Have you ever had a case where you and your opposing counsel got a head start on trying to get the case settled, only to go to mediation and get stuck because the mediator just wasn’t good at mediating? I’ve been there. It is quite a frustrating experience to be in a position where you as counsel have been able to accomplish more over the phone and via email than you can once you have brought the parties together and paid a mediator. I have come to realize that everyone who has chosen to wear the hat of a mediator does not have the skill or patience to work the parties, and the attorneys to resolution of their case. While every case will not settle at mediation, regardless of how great the mediator is, choosing the right mediator can be the difference between settlement and trial.
When choosing a mediator you need to choose someone who is aware of the risks that each party will be taking if they decide to not settle and take the case to trial. You and your client have to be able to be honest about your best day in court and your worst day in court. Who better than the right mediator to allow that to reality to permeate. One thing that I love about mediation is that it allows my client to be confronted about the true weaknesses of the case from someone other than me. Sometimes clients choose to be in denial regarding the strengths and weaknesses in their case. In my experience, once the mediator is able to take the facts and postures from the opening statements and present them to my client in the way that a trier of fact would, the light bulb seems to go off. They begin to see their case for what it really is and not just what they want it to be. This tends to allow for a real analysis of the best and worst day in court. After all, no one likes to lose and no one wants to be faced with their worst day in court becoming a reality. Anyone who is a trial attorney knows that you win cases you should have lost and you lose cases you should have won. Nothing in life, yet alone in trial is guaranteed.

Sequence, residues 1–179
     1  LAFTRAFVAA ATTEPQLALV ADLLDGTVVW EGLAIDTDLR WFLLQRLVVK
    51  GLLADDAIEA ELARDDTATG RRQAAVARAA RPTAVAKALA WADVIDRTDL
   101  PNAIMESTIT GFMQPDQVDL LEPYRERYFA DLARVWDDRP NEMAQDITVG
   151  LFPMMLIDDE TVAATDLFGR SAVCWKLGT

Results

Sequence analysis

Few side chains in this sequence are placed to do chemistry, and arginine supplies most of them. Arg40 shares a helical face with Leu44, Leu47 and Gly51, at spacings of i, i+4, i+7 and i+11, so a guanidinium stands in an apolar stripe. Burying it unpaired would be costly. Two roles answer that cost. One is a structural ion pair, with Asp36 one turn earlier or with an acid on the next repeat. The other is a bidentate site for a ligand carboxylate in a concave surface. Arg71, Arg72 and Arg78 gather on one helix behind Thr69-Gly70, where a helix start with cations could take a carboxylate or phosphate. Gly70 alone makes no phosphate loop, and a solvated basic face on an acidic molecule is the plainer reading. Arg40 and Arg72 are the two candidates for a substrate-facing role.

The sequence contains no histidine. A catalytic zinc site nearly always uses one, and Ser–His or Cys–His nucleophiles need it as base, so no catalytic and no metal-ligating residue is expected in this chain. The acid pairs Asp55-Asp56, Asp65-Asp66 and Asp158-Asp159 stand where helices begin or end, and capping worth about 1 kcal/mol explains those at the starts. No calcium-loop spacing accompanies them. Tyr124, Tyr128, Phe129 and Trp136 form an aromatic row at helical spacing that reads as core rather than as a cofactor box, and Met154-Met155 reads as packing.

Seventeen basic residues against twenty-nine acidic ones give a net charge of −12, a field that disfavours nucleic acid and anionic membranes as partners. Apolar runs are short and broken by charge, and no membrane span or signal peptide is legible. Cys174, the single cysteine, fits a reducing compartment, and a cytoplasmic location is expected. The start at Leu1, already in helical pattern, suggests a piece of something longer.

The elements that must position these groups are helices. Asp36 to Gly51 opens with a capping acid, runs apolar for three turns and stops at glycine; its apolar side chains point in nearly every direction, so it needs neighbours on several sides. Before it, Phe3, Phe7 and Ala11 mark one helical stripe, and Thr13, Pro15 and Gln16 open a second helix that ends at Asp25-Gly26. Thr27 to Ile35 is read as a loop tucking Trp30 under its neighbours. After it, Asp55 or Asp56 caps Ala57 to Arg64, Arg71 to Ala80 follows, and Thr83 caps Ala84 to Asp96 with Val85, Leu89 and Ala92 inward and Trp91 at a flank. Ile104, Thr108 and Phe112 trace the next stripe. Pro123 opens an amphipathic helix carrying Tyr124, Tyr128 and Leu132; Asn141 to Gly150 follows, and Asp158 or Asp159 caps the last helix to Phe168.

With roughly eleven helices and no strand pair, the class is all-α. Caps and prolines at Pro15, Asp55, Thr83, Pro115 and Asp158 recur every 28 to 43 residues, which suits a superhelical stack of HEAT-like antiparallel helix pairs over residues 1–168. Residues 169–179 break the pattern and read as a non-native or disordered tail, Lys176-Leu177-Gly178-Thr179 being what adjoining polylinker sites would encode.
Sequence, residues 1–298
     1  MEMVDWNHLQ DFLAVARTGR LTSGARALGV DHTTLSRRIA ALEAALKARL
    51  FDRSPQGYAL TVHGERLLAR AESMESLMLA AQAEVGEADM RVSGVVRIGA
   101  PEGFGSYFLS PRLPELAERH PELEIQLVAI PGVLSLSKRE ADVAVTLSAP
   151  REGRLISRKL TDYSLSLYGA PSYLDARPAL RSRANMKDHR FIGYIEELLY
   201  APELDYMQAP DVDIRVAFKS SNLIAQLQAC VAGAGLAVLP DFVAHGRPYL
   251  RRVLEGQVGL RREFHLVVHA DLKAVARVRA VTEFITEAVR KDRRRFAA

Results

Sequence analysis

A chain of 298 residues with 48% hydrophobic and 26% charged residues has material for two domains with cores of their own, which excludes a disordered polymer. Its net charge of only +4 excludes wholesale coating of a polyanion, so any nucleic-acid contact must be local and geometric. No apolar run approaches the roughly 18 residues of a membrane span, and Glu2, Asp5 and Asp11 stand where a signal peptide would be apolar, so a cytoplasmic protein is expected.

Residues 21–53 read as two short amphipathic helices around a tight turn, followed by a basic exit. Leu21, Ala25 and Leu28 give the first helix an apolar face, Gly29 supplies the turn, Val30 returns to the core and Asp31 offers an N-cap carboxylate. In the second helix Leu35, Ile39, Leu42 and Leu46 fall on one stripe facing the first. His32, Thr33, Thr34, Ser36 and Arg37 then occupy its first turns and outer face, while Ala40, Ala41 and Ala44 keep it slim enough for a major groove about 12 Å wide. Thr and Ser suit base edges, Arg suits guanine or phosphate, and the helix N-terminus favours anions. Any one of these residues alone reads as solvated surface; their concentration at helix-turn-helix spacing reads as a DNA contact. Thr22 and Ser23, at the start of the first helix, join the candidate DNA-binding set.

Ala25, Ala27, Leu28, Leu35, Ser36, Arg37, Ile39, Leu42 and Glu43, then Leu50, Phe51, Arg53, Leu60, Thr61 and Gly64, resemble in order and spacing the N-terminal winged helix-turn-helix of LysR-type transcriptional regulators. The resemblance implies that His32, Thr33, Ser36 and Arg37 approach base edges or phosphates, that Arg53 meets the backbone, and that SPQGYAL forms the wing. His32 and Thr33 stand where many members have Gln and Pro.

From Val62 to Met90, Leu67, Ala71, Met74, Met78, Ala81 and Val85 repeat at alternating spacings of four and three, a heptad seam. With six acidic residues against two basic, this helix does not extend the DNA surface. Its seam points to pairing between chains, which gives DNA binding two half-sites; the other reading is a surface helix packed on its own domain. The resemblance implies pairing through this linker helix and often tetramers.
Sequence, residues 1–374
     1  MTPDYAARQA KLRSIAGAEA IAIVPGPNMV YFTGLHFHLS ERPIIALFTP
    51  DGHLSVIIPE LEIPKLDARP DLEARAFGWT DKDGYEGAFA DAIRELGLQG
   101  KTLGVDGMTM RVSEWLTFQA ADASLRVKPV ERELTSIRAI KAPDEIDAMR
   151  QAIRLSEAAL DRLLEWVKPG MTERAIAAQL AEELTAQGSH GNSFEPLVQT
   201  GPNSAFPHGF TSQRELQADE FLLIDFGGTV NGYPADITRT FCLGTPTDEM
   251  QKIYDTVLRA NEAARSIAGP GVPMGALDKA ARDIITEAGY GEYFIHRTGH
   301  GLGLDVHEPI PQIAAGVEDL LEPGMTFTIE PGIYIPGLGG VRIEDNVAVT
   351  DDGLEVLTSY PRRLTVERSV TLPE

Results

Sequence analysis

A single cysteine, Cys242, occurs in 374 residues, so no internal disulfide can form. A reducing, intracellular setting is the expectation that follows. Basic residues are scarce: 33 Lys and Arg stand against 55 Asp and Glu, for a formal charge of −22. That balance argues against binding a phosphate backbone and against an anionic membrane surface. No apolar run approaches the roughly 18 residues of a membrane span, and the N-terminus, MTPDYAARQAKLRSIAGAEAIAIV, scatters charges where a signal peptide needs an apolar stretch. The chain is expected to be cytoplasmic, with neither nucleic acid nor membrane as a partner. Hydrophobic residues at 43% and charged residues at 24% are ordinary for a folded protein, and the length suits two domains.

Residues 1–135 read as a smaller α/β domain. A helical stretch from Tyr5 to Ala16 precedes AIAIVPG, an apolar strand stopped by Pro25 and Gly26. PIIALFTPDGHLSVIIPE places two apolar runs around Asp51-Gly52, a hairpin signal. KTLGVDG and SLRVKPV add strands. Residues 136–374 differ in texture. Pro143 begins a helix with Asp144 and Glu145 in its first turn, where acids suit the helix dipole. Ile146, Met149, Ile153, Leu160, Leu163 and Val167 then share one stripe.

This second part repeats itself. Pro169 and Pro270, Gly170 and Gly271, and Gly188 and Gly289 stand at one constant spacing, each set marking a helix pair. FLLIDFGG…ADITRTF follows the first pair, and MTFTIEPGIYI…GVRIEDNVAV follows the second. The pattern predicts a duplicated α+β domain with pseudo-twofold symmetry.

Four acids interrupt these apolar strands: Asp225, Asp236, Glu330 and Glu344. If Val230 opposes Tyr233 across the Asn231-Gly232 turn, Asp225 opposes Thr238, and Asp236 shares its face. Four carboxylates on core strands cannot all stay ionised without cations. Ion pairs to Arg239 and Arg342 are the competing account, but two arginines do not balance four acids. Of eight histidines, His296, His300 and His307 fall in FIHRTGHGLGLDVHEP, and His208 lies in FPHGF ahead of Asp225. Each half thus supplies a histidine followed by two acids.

In addition to choosing someone who is aware of the risks which are involved in your case, you also need to choose someone who is patient. You want a mediator who will is willing to work harder than you and your opposing counsel to get the case resolved. There should be more action than “here’s the other sides final offer. You have to take it or leave it.” That lack of interest will only result in an impasse and wasted time. Obviously, there is no magic number as to how many times the mediator should be going between caucus rooms, but a mediator who has only come to your caucus room once to deliver the dagger of death is bad news. As mediators, it is our job to finesse the parties and the attorneys to the point where they want to own the final outcome, the decision. It is our job as mediators to get them to buy into the process where they get the power to decide how their case will be resolved.
Allow BMS law group to empower your client(s) to own the process of resolution. As litigation attorneys we have worn both of these hats and we know what it takes to be committed to each and every mediation and to give it the time and attention that it needs to give you and your clients the best opportunity to for resolution.